Across all countries in the OECD, New Zealand is unique in its problems of connectivity to the outside world. A single modern cable system links the country to the outside world. Australia, further away from the United States and its wealth of content, connects to the world via New Zealand, Guam, Papua New Guinea, and Indonesia. Iceland, alone in the Norwegian sea, connects to the world via Canada, Ireland, the UK, and Denmark.
Transit on the Southern Cross Cable, active since 2000, has historically been very expensive – up to eight times the cost of transit on similar length cables across the Pacific between the US and Japan. In early years, only Telecom (via their transit company Global Gateway), TelstraClear (via their transit company Telstra International, nee Reach), and Asia Netcom (now known as Pacnet) purchased capacity directly from Southern Cross. Since then, Vocus and Kordia (via their transit company Odyssey) have joined the market. Pacnet and Vocus are very different from Telecom and TelstraClear, in that neither is an Internet Service Provider in New Zealand. Kordia, with their new carrier Odyssey, is acting along the same lines as Telecom and TelstraClear in that through Orcon they are selling directly to end users.
There’s one exception where Kordia is concerned – their ISP Orcon “peers” at the Auckland Peering Exchange.
Peering is the practice of linking networks together for exchanging traffic. Several neutral (not owned by an ISP or transit provider) peering points exist within New Zealand. At these locations, networks pay for a connection to the exchange, and exchange traffic freely. Around thirty Internet Service Providers and a number of other content providers and private networks peer at the Auckland Peering Exchange.
Traffic on an ISP network that cannot reach its destination via peering must be sent through an upstream carrier. In New Zealand, that means handing it off to one of the five customers of Southern Cross Cable mentioned above. These carriers typically charge a flat rate for traffic sent through them – whether the traffic is destined for a network in New Zealand, Australia, or Spain. Unless special arrangements are made, it’s all priced at “international” rates, which are huge multiples of what ISPs pay in every other country in the OECD.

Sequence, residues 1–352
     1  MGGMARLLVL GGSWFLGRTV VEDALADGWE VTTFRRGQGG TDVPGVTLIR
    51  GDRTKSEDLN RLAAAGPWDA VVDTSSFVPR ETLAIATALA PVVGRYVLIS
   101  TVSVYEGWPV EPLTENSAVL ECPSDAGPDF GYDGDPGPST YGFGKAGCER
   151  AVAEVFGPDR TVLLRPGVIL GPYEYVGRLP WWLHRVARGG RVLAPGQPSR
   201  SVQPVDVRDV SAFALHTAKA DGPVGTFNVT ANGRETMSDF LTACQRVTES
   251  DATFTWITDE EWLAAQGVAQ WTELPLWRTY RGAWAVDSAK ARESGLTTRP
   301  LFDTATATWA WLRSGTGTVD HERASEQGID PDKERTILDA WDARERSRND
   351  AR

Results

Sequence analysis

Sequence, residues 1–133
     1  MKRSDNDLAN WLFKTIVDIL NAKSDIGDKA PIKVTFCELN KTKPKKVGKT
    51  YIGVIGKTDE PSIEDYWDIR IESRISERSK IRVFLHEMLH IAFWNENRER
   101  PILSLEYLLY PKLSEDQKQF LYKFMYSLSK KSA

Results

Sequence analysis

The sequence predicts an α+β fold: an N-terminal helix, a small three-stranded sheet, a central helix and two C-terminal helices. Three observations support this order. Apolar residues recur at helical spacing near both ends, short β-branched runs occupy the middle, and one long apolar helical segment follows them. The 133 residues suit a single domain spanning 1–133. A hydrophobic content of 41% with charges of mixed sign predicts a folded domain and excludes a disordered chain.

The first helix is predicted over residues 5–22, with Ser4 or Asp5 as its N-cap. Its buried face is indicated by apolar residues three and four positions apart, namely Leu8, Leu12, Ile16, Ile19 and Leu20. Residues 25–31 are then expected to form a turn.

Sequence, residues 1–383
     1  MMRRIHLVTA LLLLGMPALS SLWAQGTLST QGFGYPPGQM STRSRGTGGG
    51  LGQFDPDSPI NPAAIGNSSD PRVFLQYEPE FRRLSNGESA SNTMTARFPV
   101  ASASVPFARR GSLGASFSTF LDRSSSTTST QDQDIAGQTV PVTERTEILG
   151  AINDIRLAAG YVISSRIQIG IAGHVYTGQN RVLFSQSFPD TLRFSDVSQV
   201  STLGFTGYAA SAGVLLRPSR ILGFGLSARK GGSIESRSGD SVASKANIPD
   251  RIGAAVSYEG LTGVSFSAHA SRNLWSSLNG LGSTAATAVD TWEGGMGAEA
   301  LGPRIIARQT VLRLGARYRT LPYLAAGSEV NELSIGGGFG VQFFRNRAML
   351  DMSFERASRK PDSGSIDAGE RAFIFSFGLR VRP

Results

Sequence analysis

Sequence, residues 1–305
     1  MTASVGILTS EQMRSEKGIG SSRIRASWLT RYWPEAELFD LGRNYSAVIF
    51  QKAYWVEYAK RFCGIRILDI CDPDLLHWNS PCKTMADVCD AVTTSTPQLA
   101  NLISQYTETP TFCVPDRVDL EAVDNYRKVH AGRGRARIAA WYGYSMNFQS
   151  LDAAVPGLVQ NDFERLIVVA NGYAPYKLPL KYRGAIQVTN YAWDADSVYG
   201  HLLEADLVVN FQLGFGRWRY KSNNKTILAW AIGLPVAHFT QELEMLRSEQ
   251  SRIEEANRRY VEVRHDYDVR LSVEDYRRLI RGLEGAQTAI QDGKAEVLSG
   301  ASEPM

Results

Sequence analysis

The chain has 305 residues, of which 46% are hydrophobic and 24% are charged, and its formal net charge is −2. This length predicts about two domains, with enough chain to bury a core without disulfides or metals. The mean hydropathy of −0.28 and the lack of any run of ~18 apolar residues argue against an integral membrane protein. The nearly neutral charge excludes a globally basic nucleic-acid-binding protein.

Very few large New Zealand ISPs do not peer at the Auckland Peering Exchange. Among those are TelstraClear and Telecom – both of whom happen to also sell international transit. Telecom offers some limited peering – for parties that bring cables to their exchanges, but their peering notably excludes a huge number of traffic classes including traffic destined for schools. The end result of Telecom and Telstra’s refusal to peer at neutral exchanges is more money for their transit businesses. They are, and have been for many years, taking advantage of their scale as both wholesale and retail providers to keep smaller providers small.
The following image shows a snapshot of peering and transit arrangements in New Zealand. It is not intended to be complete and could contain multiple inaccuracies. Information on peering was extracted programmatically from sources including the Auckland Peering Exchange and the Hurricane Electric BGP database. Non-peered transit arrangements between some providers shown as red lines are assumed based on traceroutes collected from a number of end networks. Actual details of these arrangements (beyond the fact that they are not freely peered at a neutral peering point) are commercially sensitive, and unavailable for publication.
The snapshot data was collected on the 3rd of February 2012, and is valid only for that day. Green networks are peered at the APE, and are connected to it with blue lines. Transit providers (who are not also retailers) present in New Zealand are shown in blue. Overseas transit providers are shown in orange. Paid transit with Telecom NZ is shown in thick red lines.
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